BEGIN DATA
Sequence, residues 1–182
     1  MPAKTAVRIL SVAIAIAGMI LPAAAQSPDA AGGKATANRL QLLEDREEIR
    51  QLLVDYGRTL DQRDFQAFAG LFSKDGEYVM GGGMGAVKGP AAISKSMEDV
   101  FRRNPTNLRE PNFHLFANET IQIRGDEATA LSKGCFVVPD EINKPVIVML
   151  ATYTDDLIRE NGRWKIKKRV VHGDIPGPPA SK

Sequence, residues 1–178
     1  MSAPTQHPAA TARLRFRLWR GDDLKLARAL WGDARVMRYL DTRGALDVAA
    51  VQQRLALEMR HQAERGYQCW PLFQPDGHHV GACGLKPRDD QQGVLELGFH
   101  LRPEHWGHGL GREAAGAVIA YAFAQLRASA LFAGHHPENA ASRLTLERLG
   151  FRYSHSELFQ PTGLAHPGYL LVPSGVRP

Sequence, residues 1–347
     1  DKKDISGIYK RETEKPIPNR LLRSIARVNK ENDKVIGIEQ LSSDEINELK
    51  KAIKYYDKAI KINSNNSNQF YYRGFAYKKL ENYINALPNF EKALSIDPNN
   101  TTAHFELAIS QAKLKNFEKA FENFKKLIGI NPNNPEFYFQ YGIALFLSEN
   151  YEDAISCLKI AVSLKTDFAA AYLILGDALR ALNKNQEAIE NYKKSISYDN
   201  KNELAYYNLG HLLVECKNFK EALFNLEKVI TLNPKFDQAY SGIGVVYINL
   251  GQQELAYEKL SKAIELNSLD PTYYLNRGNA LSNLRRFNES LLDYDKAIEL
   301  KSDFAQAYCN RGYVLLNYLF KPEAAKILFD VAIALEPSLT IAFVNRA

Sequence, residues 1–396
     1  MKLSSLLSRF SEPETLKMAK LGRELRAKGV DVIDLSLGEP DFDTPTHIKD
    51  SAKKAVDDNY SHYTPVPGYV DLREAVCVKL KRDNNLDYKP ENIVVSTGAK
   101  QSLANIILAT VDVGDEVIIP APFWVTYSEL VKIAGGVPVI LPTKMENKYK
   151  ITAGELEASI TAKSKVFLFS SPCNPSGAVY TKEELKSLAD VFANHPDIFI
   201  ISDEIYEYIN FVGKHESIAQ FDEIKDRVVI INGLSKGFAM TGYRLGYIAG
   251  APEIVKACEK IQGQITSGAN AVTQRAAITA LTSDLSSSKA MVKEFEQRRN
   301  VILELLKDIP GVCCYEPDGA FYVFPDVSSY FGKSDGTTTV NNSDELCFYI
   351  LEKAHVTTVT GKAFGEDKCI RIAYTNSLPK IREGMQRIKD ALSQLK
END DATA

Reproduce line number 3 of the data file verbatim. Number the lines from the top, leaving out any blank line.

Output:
    51  QLLVDYGRTL DQRDFQAFAG LFSKDGEYVM GGGMGAVKGP AAISKSMEDV